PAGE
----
Earlier that same summer, our church had focused on the lament psalms, inspiring several in the congregation to write a song called “Purge Me.” When Zimmerman’s verdict came out, it seemed an appropriate time to debut it. After the preacher preached, the interns performed the song, and when they finished singing, a silence fell over the church. After some minutes, a wailing of tears broke out, followed by a chorus of congregational crying. The crying turned into prayer, and in the midst of one of the prayers I heard a blonde-haired, blue-eyed white sister pray in the midst of tears. It was that tearful prayer that became the balm to my wounded soul from multiple humiliating police stops and drug searches that I had experienced as a black man who has never touched drugs in my life. That day as a church, we didn’t debate politics or the legitimacy of our Christianity because of our political views. That day we practiced being a reconciling community by doing what the apostle Paul says in Romans 12:15, to “mourn with those who mourn.” As a result I received the kind of healing I didn’t even know I needed.
Removing the Splinters
As Christians, whether conservative, moderate, liberal, or progressive, our antennae should go up when we hear someone say, “The problem is those people over there!” While this may be true at some level, and while Christian theology and practice make room for bringing correction to another person, in Jesus’s most famous sermon, he encourages his followers to examine oneself before one tries to correct another person.
Reconciliation is spiritual formation.
“Why do you look at the speck of sawdust in your brother’s eye and pay no attention to the plank in your own eye?” Jesus asks in Matthew 7. “How can you say to your brother, ‘Let me take the speck out of your eye,’ when all the time there is a plank in your own eye? You hypocrite, first take the plank out of your own eye, and then you will see clearly to remove the speck from your brother’s eye.”
Four years into our marriage, Joy and I found ourselves in a bad place and went to see a marriage therapist. I didn’t think we needed a lot of work; I fully expected the therapist to agree with all of the things I thought were wrong. I assumed that with a little correction “for Joy,” we would be on the way to a thriving marriage. Of course, my self-absorption soon crashed into reality. It gradually dawned on me that the only way for me to transform my marriage was to transform myself, a realization that has to be the starting block if reconciliation (within a family, a neighbourhood, a place of worship, an educational institution, a place of work, a government) is to be realized.
Some years ago, I founded an organization called Arrabon, which equips institutions and individuals with the five pillars of building a reconciling community. The first pillar is to understand that reconciliation is spiritual formation.
When it comes to the area of race, I understand the hesitancy many feel about using the framework of “reconciliation.” There is a presupposition behind the word which suggests that in order to engage in reconciliation there has to be (1) an established relationship and (2) a fracture in that relationship creating the need for reconciliation. One person might say, “Hey, I haven’t done anything racist, so therefore I don’t have anything to reconcile.” Another person, though they understand the systemic and social nature of race relations, says, “Europeans, indigenous people, and Africans were never equal in their relationship with one another here in the United States, so we don’t want to reconcile that relationship. The most we can do is engage conciliation.”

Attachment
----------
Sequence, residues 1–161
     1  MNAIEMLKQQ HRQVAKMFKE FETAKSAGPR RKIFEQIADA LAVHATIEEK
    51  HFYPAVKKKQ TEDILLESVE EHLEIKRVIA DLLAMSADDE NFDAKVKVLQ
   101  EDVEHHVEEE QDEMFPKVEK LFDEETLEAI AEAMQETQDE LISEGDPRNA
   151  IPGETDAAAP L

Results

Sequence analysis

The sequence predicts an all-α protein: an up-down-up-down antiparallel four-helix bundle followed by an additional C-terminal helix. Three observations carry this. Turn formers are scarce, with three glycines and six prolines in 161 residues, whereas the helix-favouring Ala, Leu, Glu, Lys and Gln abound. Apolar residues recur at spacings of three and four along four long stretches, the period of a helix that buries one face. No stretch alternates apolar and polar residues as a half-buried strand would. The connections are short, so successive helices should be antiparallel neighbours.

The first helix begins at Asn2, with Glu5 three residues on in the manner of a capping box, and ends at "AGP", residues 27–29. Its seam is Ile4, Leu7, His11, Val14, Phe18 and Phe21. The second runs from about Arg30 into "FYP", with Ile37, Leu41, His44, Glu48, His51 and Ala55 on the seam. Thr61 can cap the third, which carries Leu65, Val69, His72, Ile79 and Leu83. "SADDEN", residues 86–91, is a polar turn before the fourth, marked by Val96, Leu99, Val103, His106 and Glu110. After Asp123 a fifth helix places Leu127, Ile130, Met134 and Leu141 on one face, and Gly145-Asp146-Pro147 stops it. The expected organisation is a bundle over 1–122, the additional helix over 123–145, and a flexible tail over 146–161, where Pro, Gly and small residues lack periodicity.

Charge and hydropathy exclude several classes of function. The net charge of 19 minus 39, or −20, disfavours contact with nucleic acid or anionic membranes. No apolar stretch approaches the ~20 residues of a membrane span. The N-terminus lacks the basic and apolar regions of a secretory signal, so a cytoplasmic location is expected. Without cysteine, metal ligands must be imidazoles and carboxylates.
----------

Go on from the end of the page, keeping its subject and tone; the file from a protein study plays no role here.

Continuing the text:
Conflict resolution is a basic human need.
If the word “reconciliation” is being defined within that framework, then yes, we don’t want to use the word. At Arrabon, we define reconciliation within the biblical narrative of Genesis 1—the world was whole, good, beautiful, and diverse, but brokenness entered the world, as we read in Genesis 3, and God has been in the work of reconciling all things ever since. Understanding reconciliation in that framework allows us to see that conflict resolution is a basic human need. It helps us to understand that God is always inviting humanity to partner with Jesus in the reconciling of all things. Hopefully we are agents of healing to others in that invitation, but often, when we receive the invitation from God to engage the brokenness of our world in a transformative way from the inside out, we are formed spiritually in a way that forms us more in the likeness of Christ.
Looking Outward with Curiosity
The second pillar for a reconciling community is to engage in the practice of increasing your cultural intelligence. Culture is a shared pattern of beliefs, values, assumptions, and behaviours that distinguish one group from another. Cultural intelligence is the skill to relate and work effectively in culturally diverse situations. As our country becomes more and more diverse, one’s capacity to engage gracefully and humbly with those from different backgrounds becomes paramount. Too often people settle for talking past one another, doubling down on their preferred way of communicating instead of taking a moment to pause and strategize on how to be more effective in communicating across differences. Increasing your cultural intelligence will help you increase the cultural intelligence of the institutions of which you are part.
The third pillar is learning the many different narratives that one community—your community—holds. A person’s demographics has a significant influence on his or her experiences. People can witness the same set of events, recall the same set of facts, but have a completely different perspective of a situation based on their demographics. A person with economic resources has a very different set of experiences from one who is economically poor. Men and women have different experiences because of gender dynamics. A person of one racial category or ethnicity has different experiences from another because of what certain racial and ethnic categories mean in certain scenarios. Learning to lean in and hear the different narratives of your community increases empathy, understanding, and trust.
Having laid the foundation of these three pillars, participating in cross-cultural collaboration becomes a lot easier (the fourth pillar). Too often collaborations fail because of a lack of commitment to work through conflict or failure to put in the work to understand different expressions or viewpoints. Creativity and innovation emerge when people are committed to doing the hard but rewarding work of participating in cross-cultural collaboration. Homogeneity can yield efficiency, yes, but a lack of diversity often leads to monotony and eventual stagnation. We are in a desperate time today. We need innovation. We need people from different points of view working together to solve intractable conflicts and problems 350 years in the making.
This leads us to our fifth pillar—engaging in reconciling culture-making. We are here today because of the culture that was made yesterday. If we want to see something different tomorrow, we have to create new culture today. Imagination is the difference between what is and what could be. We need more people and institutions willing to stare at what is broken, and, instead of casting about and asking, “Who is to blame?” turn to one another and ask, “What can we do to make this better?”
We can and should sharpen our tools. Being grounded in spiritual formation and hopeful imagination in a collaborative community is the foundation to creating a future worth fighting for.
Image: Cathedral Window Quilt by Viola Canady, 1992. Anacostia Community Museum Collection, The Smithsonian Institution.